5 Things You And Your Partner Should Know About Miscarriages

Many more couples face miscarriages than you might think. Some couples might even have to deal with the upsetting news just days after announcing their pregnancy. The feelings experienced by these couples are very mixed. Some might feel embarrassed by their miscarriage, wishing they never told friends or family as early as they did. Others might feel the complete opposite. For instance, some couples are grateful they told their friends and family because now they have an extended support system.

At the end of the day, anyone dealing with a miscarriage needs someone to talk to because venting keeps us healthy. Miscarriages are extremely sad and stressful for most. Sometimes, it is not easy for couples to deal with the complicated feelings that arise from their miscarriage. This is why; if you do not have friends or family to vent to, therapists are an excellent option.

Miscarriages can be an extremely emotional situation, especially for those who have been trying to conceive for years. The last thing you want in this type of situation is added stress, crying, or arguing between couples trying to cope with their loss. Unfortunately, some couples fall victims to their own negative thinking. They might feel like failures. Others might feel they are incapable or undeserving of having a baby. However, you want to avoid this type of thinking.

Miscarriage Signs and Symptoms

Feelings of self-doubt, fear, anxiety, anger, or resentment absolutely do not help the situation. In fact, feelings of negativity can fester, causing couples to break up.  Pregnancy loss can greatly affect a couple’s relationship. It can either tear them apart, or bring them closer together. Here are the 5 things you and your partner should know about miscarriages:

Couples may notice a change in their relationship after miscarriage. Early pregnancy loss can either tear couples apart or strengthen their relationship, depending on how they handle the grieving process. The miscarriage experience can have a profoundly different effect on the mother as compared to the father. However, neither experience is more important than the other is. Usually, couples who are able to share and respect each other’s individual feelings will get pregnant again. It takes a lot of emotional strength, but couples are safe to conceive after the woman goes through 2 normal menstrual cycles.

The truth is miscarriages are almost never anyone else’s fault. Self-blame or passing the blame does not help the grieving process at all. The reasons for most miscarriages remain unexplained. Therefore, the odds that a miscarriage happened as a direct result of anything done by the mother or father are exceedingly low. Many myths and misconceptions carried by couples make miscarriages much more difficult to deal with. Miscarriages do not occur because of stress at work or an argument at home.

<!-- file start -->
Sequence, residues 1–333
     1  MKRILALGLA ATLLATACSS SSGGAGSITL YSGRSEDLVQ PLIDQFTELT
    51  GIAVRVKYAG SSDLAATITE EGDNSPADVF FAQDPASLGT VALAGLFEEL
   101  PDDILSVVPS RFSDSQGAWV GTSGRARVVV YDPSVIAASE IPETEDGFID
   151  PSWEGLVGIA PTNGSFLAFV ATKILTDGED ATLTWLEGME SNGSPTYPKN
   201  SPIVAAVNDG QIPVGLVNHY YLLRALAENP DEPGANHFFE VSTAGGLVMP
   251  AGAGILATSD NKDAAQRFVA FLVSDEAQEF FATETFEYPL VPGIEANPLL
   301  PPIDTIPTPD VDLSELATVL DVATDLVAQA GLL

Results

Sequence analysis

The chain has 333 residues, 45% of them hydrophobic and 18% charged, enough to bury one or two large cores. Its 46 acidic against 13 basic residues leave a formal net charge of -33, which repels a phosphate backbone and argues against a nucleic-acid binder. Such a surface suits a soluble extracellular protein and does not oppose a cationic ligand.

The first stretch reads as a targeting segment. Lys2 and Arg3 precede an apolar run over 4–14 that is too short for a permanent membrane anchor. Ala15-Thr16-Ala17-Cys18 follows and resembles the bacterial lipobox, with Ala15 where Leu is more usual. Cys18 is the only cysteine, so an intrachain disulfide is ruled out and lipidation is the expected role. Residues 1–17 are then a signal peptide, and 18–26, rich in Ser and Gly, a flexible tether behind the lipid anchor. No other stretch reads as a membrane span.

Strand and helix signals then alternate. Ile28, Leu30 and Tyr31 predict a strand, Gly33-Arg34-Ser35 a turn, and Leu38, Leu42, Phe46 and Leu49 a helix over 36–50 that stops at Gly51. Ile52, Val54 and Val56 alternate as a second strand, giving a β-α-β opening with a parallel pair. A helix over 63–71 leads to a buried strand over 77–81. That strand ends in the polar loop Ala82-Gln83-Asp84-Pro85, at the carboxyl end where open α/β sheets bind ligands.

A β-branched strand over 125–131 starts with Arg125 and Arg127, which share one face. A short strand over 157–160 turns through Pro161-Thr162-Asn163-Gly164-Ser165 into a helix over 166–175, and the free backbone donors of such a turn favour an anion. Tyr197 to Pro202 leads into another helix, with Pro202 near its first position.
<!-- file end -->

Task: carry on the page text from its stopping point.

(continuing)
About 1 in 5 women will experience a miscarriage at least once. Some studies will argue 1 in 4 women experience miscarriage. The bottom line is science is steadily proving more than 1 million miscarriages occur each year. This means miscarriage is far more common than most couples realize. This does not make the experience less sad. However, the numbers should help couples stay strong and refrain from feelings of guilt. Many obstetricians view miscarriage as a natural part of the reproductive process.

Approximately 80 percent of miscarriages happen within the first trimester.  During the first trimester, chromosomal abnormality is the most common known cause for the majority miscarriages. When something is wrong with the baby’s chromosomes, the mother will naturally abort the baby. This is why most obstetricians view miscarriage as a natural part of the reproductive process.  Usually, a damaged egg or sperm cell causes the chromosomal abnormality.

Women cannot stop miscarriages by catching symptoms early on. Since chromosomal abnormalities cause many miscarriages, there is not much the mother or father can do to prevent them. The best action couples can take is to get as healthy possible before conceiving. This provides the most optimal conditions for conception to occur. Although not proven, this method might help to avoid chromosomal abnormalities by reducing associated risk factors.

If you are having trouble getting pregnant, or are experiencing multiple miscarriages, then contact NYU Langone Reproductive Specialists of New York today. Our specialists are ready to help you and your partner determine the reasons behind your fertility problems so that they can be addressed.